The COVID-19 pandemic has changed the way American workers interact in public and private spaces. Employees and students forced to stay at home have had to carve out workspaces for themselves, often contending with partners and children doing the same. Interactions with colleagues are for the large part remote—through email and videoconferencing apps—changing the way business relationships are maintained and how new relationships are formed. Business travel has been put on pause, making it more difficult to make direct personal connections with potential collaborators.
These realities will likely persist in some form as the pandemic draws to a close and the world settles into a new definition of normal. Leaders across industries must rethink design and user experience. “You can’t have disconnected, fragmented experiences right now,” says Jeff Chow, senior vice president of product at digital product design company InVision. Businesses must work hard to create better employee and customer journeys, carefully considering how form will follow function amid practical concerns about safety and workplace efficiency. Deem and Fast Company recently hosted Destination Innovation, inviting a panel of experts to discuss how human-centered design is transforming how we think about travel, learning, and working across time and space. Here are the key takeaways from their discussion.
DESIGNING BETTER SPACES
The pandemic is already changing how people are using public and private spaces. Take our homes, which increasingly are doing double duty as workplaces: “Our residential spaces are going to have to evolve,” says Khoi Vo, vice president of industry relations at the Savannah College of Art and Design (SCAD). For example, designs will have to factor in the work-from-home trend through flexible spaces that can be converted into offices and acoustical design elements designed to minimize noise in the working environment.
Meanwhile, commercial spaces will have to be designed to account for a workforce that may be decentralized and look more like a remote ecosystem. “There could be a whole workplace ecology where somebody might be at a coffee shop, or at their apartment, or in the office,” Vo says. “And the workplace of the future will be about negotiating all of these different people, their habits, and what they need to be productive at work.”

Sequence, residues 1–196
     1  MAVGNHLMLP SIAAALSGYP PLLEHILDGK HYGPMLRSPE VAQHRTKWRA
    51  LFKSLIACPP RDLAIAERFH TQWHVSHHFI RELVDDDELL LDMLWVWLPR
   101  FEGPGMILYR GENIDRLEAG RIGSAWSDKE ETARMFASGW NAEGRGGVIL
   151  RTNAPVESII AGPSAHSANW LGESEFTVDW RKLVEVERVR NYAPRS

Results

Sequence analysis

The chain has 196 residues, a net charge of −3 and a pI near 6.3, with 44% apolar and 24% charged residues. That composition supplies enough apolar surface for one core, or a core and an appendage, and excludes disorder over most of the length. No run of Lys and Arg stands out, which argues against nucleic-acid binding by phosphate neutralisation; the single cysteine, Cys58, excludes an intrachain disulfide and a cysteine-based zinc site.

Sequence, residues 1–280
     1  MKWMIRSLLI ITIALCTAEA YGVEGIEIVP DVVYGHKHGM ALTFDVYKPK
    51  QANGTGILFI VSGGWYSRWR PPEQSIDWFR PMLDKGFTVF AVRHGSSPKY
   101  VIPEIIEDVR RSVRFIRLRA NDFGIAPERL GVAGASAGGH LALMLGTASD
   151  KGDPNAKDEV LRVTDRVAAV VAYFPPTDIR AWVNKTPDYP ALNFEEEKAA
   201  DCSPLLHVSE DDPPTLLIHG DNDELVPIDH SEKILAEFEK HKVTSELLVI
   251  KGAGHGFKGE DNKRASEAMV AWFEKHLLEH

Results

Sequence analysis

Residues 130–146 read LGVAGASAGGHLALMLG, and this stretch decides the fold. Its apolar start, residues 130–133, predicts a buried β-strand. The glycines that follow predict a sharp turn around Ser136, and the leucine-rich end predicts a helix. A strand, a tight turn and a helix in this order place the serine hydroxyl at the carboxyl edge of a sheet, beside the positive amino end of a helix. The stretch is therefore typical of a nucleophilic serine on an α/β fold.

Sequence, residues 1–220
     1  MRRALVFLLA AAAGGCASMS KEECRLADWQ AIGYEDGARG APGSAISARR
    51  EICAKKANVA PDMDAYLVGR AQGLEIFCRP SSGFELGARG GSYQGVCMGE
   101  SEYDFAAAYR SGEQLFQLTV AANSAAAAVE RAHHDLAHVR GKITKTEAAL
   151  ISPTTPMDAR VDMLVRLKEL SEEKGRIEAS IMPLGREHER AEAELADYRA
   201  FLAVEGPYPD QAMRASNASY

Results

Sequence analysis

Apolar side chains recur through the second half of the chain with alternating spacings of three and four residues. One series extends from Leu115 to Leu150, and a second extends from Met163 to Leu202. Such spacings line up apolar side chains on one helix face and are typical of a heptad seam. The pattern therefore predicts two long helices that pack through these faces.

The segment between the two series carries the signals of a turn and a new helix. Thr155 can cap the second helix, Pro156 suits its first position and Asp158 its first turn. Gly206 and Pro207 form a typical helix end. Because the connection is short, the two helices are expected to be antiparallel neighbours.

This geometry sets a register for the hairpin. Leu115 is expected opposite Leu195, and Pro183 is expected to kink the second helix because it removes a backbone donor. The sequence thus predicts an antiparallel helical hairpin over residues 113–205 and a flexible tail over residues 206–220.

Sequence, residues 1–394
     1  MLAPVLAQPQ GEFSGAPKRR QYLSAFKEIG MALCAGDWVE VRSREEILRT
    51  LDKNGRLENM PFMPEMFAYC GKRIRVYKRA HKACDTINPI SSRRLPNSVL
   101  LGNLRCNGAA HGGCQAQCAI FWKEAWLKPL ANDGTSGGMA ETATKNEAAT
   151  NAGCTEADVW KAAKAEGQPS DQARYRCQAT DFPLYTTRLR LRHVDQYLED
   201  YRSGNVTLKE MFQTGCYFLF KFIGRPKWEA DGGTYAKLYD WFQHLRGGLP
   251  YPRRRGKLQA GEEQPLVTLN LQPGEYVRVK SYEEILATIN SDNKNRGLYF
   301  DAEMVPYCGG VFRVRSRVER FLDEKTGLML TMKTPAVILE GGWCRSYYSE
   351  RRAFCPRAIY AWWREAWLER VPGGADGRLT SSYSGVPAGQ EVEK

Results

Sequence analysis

One important result of this shift is that workplaces may become accessible to a broader range of talent. “We’ve entered a world which is flexible enough to enable diversity of need,” says Melissa Dalrymple, partner at consulting giant McKinsey & Company. “We’re embracing multiple needs formally, in terms of things like accessibility and disability, at a degree the design community has never had to deal with before.”
BALANCING THE DIGITAL AND PHYSICAL
Remote options for work and learning can provide a lot of benefits. For example, a digital learning platform allows SCAD students flexibility in how they learn. “We either teach asynchronously or synchronously,” Vo says. “For example, students can meet with their professor in real time; there’s also information they can access any time they want, online.”
As a result, students can learn and collaborate across time zones, which can even make project-based work more efficient. At the end of the day, students in one time zone can pass a project on to collaborators in a later time zone. “They divide and conquer,” he says. “It’s been very successful and very efficient for them.”
However, remote work can also mean that it’s harder to build relationships with colleagues or have an unplanned water cooler moment that sparks new ideas. “Harnessing serendipity is one of our fundamental design principles,” Chow says. “Where are there micro moments of relationship building? Where are there ‘aha’ moments?” Digital workplaces and learning environments need to account for these questions and build in features to address them.
For example, when considering how to build more personal interaction into education from home, SCAD students developed a proposal called Hallway in which students can play games between classes to recreate the feeling of bumping into friends at lockers.
GOOD COMMUNICATION GOES A LONG WAY
As user experience shifts, so too will the need to communicate well, Dalrymple says. Take airlines, which have elevated their focus on safety precautions during the pandemic. “Basic cleanliness has become table stakes.”
How companies frame communication around the solutions they’re delivering has become equally important, Dalrymple says, especially as changing solutions impact user experience. Companies should clearly explain the steps they’re taking and why, and even acknowledge when they might be inconvenient for customers. They may offer solutions to address the inconvenience, such as flexible cancelation policies. “If you want to come out of this stronger, you need to invest in your customer experience,” she says. “We’re all sort of living in beta at the moment, and it’s really about keeping your ear to the ground and ensuring, ultimately, that you can test solutions and learn.”
“I think people have to understand that design is a process,” Vo says. “We’re not always going to hit it out of the ballpark from the first time, but it’s an evolution that everybody has to participate in.”
Click here to watch the full panel discussion